Remarks by UN Resident Coordinator and UNDP Resident Representative, Ms. Pratibha Mehta at the Workshop on the Convention Against Torture (CAT)
Event: Workshop on the Convention Against Torture (CAT)
Venue: InterContinental Hanoi Hotel, 1A Nghi Tam St., Ha Noi
Honorable Mr. Vu Hong Nam, chief of MOFA office;
Distinguished guests from the international community and from NGOs;
Colleagues and friends;
Ladies and gentlemen;
I wish to extend a warm welcome to all participants.
Let me especially welcome our guest, Professor Manfred Nowak, who has travelled all the way from San Francisco to join us for this event and who undoubtedly is one of the most prominent experts on the Convention against Torture and Other Cruel, Inhuman or Degrading Treatment or Punishment. Through his former engagement as a UN Special Rapporteur on Torture, he not only brings normative insight but also practical expertise on how to transform the words of the Convention into concrete policies and follow-up.
This workshop is also very timely as the world is marking the International Day in Support of Victims of Torture in twenty days time on June 26th.
The Universal Declaration of Human Rights addresses the issue of torture upfront in Article 5 that states that: ‘No one shall be subjected to torture or to cruel, inhuman or degrading treatment or punishment’.
Since the adoption of the Declaration in 1948, the international community has worked continuously on extending the legal and normative framework around the issue of torture. In 1975 the Declaration on the Protection of All Persons from Being Subjected to Torture and Other Cruel, Inhuman or Degrading Treatment or Punishment was passed by the General Assembly. It was followed by the Convention against Torture in 1984 and by its Optional Protocol in 2002. Currently the Convention against Torture has 81 signatories and 155 state parties.
As parts of its Human Rights Council candidacy pledge, Viet Nam committed to the ratification of the Convention against Torture. It has subsequently signed the Convention in November 2013 and is now taking steps to ratify it.
Ratifying and implementing a human rights convention requires a well prepared and inclusive national effort that involves all relevant agencies working together across institutional boundaries and mandates.
Specifically, the Convention against Torture will require a strong interaction between different institutions, including the Police, other public security agencies, the Supreme People’s Procuracy, the Supreme People’s Courts, and central and provincial government authorities. It is therefore essential that all institutions involved are well coordinated, are aware of their responsibilities and have the necessary means and resources to monitor and implement the Convention against Torture, once ratified.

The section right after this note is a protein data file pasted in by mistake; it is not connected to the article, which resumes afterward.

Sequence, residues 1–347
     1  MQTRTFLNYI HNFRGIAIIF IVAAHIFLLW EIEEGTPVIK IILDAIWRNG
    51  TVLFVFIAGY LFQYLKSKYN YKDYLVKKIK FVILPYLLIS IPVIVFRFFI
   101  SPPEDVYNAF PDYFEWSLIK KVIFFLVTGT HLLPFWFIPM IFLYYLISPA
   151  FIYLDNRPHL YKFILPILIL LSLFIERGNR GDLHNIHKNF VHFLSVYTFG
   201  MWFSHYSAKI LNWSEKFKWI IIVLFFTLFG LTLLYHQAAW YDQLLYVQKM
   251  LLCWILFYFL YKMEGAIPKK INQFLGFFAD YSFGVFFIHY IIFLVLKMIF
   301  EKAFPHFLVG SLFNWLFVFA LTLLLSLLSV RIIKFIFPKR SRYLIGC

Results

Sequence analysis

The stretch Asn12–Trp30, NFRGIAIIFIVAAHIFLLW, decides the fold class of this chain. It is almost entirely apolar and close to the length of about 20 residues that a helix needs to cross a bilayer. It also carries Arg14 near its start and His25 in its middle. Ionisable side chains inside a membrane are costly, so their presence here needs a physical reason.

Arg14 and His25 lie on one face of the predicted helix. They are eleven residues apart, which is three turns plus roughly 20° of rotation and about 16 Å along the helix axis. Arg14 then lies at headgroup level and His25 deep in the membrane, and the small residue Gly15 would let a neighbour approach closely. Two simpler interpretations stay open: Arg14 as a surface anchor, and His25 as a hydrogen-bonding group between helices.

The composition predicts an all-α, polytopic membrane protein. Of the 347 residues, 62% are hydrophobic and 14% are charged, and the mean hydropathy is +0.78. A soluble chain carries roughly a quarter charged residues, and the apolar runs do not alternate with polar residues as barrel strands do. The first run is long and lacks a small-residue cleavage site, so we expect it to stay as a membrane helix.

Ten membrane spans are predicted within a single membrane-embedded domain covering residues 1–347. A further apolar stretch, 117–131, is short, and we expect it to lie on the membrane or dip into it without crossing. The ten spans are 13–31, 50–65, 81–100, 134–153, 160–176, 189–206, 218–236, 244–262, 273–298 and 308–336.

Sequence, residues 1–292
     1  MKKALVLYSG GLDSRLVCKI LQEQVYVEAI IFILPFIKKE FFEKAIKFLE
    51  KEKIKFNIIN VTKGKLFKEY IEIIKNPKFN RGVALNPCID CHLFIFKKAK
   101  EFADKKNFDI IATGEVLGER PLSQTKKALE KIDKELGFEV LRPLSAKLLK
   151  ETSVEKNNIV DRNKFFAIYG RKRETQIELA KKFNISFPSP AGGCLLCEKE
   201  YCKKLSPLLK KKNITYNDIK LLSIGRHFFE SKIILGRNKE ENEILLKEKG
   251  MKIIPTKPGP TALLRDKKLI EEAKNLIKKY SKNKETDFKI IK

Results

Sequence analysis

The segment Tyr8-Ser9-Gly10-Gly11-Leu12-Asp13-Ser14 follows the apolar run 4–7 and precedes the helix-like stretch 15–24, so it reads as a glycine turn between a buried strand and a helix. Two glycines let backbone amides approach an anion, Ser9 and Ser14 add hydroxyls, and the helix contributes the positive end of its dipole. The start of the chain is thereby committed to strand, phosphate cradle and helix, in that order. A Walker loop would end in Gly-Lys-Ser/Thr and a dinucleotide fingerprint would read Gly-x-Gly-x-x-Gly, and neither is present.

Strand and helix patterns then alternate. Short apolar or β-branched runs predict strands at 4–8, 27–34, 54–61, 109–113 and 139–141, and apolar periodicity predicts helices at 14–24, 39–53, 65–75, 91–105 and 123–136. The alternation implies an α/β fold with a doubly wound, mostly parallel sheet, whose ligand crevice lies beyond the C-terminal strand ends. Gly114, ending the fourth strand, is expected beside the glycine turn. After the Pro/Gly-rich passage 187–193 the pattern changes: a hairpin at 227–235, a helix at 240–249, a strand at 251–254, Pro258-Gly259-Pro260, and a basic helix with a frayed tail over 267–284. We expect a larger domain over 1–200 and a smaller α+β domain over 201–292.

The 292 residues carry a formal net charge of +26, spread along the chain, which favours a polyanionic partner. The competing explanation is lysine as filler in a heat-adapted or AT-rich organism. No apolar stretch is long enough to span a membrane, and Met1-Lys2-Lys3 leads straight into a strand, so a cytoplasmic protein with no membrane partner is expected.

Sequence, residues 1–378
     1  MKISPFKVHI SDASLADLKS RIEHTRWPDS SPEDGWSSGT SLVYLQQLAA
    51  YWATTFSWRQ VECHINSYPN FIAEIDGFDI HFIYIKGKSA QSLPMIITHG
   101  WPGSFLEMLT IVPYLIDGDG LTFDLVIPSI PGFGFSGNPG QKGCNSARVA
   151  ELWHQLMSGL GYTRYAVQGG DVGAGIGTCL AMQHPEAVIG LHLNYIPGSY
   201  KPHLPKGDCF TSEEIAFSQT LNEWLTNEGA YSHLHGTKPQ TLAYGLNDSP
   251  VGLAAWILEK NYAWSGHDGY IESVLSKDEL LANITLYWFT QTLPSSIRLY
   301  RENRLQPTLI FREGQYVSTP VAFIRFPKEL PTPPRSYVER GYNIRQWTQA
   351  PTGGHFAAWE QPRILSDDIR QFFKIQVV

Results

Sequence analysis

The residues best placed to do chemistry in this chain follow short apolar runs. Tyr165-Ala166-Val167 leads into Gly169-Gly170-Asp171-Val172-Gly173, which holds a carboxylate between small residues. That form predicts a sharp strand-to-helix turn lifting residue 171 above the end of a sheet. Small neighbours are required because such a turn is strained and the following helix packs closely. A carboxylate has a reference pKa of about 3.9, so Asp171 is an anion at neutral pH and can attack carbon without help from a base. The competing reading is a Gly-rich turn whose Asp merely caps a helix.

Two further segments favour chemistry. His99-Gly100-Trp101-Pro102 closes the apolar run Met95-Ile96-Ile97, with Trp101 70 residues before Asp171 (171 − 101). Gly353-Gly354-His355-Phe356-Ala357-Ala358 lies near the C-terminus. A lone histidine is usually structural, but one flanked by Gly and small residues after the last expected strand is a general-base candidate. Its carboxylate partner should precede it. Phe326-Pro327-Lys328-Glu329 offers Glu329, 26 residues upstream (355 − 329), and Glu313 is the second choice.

Viet Nam’s newly revised Constitution guarantees protection against torture in its article 20. The ongoing revision of the criminal procedure laws present a key opportunity to align Viet Nam’s legal framework to the principles enshrined in the Constitution as well as the international norms of the Convention, including the establishment of rules that forbid the use of evidence obtained by torture, and a mechanism to investigate, report and prosecute crimes involving torture.
Even though the ratification and implementation of human rights conventions is primarily the responsibility of the government, the contribution of non-state actors is crucial. As the experiences from other countries have shown, at the national level, civil society can play an important part in supporting discussions on how best to develop preventive mechanisms and how to build effective monitoring systems. Lawyers
Associations can support the development of relevant legislation; the media can raise national awareness on the Convention; and academic institutions can develop national expertise.
I am very happy to see that today’s event is attended also by civil society representatives. In order to provide as many organisations and officials as possible with access to information on the Convention, two more workshops with a focus on the Convention Against Torture will be organised in 2014, in Lam Dong and in Ho Chi Minh City.
The United Nations System as a whole looks forward to supporting Viet Nam in becoming the next country to ratify the Convention against Torture. Let me also take this opportunity to wish you a successful UPR review at the Human Rights Council on 20 June in Geneva.
I wish all participants good health, happiness, peace and a very successful workshop.